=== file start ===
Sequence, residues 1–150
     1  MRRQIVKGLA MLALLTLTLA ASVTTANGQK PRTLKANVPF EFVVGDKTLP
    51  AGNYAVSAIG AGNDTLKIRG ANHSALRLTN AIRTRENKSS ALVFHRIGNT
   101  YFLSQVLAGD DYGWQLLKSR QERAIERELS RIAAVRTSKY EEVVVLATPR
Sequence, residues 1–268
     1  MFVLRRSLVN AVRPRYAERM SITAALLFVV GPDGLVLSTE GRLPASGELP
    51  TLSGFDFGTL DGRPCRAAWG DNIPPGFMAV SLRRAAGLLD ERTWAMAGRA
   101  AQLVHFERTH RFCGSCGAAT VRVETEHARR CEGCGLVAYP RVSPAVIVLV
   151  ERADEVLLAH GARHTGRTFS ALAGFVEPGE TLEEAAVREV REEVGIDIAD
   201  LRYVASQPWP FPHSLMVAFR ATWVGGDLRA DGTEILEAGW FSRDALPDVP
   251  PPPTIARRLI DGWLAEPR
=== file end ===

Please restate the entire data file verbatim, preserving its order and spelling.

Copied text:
Sequence, residues 1–150
     1  MRRQIVKGLA MLALLTLTLA ASVTTANGQK PRTLKANVPF EFVVGDKTLP
    51  AGNYAVSAIG AGNDTLKIRG ANHSALRLTN AIRTRENKSS ALVFHRIGNT
   101  YFLSQVLAGD DYGWQLLKSR QERAIERELS RIAAVRTSKY EEVVVLATPR
Sequence, residues 1–268
     1  MFVLRRSLVN AVRPRYAERM SITAALLFVV GPDGLVLSTE GRLPASGELP
    51  TLSGFDFGTL DGRPCRAAWG DNIPPGFMAV SLRRAAGLLD ERTWAMAGRA
   101  AQLVHFERTH RFCGSCGAAT VRVETEHARR CEGCGLVAYP RVSPAVIVLV
   151  ERADEVLLAH GARHTGRTFS ALAGFVEPGE TLEEAAVREV REEVGIDIAD
   201  LRYVASQPWP FPHSLMVAFR ATWVGGDLRA DGTEILEAGW FSRDALPDVP
   251  PPPTIARRLI DGWLAEPR